Sonar Might Solve A 40-Year-Old Case
Is this the Electra? A grainy sonar image captured off an uninhabited tropical island in the southwestern Pacific republic of Kiribati might represent the remains of Amelia Earhart's plane.
Fishermen use sonar to find the big ones and the Navy uses it to track enemy submarines. Now, law enforcement has found it can crack open cold cases.
In Oklahoma, state troopers were on the Foss Reservoir, about 110 miles west of Oklahoma City. They were training with sonar equipment from a company called Humminbird. The sonar is a more sophisticated version of the type fishermen use routinely, and can “see” down to 350 feet below the water on either side of a boat.
To generate the image, the sonar sends out a pulse of sound and measures how much time it takes for the pulse to come back. That signal is converted into an image. Unlike the sonar that appears in old war movies, though, this type can process many images quickly. By taking a thin image — a kind of “slice” as the boat moves, like an MRI or CT scan, a built-in computer can generate fine detail.
The troopers weren’t looking for anything special. Local park rangers had asked them to look at the bottom of the lake to prepare for building an extension to a marina. But when they turned on the sonar’s display, they saw two old cars. The images were sharp enough that one of the troopers told a local news outlet he could see the driver side door was open.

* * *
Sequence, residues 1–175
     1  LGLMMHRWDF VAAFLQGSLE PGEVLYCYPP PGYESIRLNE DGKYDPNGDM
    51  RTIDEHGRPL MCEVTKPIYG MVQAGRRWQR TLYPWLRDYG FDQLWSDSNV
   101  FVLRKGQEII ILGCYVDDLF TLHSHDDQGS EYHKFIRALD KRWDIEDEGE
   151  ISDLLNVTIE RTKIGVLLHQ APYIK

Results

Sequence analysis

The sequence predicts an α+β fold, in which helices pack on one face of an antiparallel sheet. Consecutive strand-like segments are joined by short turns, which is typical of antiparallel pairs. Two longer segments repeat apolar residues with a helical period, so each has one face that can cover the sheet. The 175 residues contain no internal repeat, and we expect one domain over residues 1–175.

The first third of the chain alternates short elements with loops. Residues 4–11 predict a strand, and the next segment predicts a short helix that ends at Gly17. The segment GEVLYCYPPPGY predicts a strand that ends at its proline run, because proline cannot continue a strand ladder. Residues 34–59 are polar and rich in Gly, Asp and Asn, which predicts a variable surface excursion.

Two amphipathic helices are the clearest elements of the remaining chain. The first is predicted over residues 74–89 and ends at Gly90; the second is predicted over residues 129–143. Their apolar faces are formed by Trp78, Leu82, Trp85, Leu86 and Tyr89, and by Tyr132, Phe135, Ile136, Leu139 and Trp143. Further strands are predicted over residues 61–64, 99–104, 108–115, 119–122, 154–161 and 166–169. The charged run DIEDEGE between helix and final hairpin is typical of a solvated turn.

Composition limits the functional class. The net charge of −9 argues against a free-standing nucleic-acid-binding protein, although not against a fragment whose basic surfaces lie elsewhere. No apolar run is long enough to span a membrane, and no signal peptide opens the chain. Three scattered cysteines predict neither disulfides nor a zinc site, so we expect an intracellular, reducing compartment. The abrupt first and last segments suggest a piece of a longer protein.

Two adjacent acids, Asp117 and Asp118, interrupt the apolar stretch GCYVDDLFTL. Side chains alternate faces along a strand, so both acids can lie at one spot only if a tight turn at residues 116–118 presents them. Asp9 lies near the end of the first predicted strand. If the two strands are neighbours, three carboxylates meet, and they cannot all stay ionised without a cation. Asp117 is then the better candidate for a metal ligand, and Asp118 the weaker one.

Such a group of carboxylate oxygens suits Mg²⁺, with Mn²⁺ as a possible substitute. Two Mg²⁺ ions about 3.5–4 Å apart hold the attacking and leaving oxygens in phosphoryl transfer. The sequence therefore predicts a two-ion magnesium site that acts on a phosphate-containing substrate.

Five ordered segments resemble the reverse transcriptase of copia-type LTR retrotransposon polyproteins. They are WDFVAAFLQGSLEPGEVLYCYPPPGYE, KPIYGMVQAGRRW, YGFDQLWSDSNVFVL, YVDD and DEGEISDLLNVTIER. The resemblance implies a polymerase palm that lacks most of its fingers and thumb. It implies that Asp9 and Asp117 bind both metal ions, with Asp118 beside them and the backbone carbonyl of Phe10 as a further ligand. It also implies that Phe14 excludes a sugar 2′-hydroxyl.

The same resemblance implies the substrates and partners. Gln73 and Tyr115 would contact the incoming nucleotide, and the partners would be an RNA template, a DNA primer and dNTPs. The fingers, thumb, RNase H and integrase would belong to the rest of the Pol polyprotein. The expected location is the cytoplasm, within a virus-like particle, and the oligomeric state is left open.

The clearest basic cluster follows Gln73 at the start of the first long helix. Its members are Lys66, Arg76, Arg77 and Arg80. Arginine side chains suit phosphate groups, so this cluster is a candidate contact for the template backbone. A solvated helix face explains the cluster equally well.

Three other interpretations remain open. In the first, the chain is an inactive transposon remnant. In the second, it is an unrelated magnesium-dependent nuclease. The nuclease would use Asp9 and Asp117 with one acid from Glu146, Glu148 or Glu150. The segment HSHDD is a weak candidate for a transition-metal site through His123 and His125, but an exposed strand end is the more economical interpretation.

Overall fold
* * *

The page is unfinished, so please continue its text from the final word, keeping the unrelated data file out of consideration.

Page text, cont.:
Custer County sheriffs sent a diver to investigate the scene, where human remains were found.
The bodies might be connected to two decades-old disappearances. One was a group of local teens: 16-year-old Jimmy Williams, from Sayre, and his two friends: Thomas Rios and Leah Johnson, both 18. In November 1970 they were on their way to a football game and never came home. The second case was John Alva Porter, who disappeared in 1969. He was driving with his sister and brother-in-law. Porter was 69 at the time. A lab will test the remains for DNA and see if they can be identified.
Sonar technology has become a lot cheaper in the last several years; Humminbird is just one company that sells it, primarily to fishermen, who want to find fish and also see any dangerous obstacles under their boats. That’s what made buying the units attractive to local law enforcement — a good system can be had for under $3,000.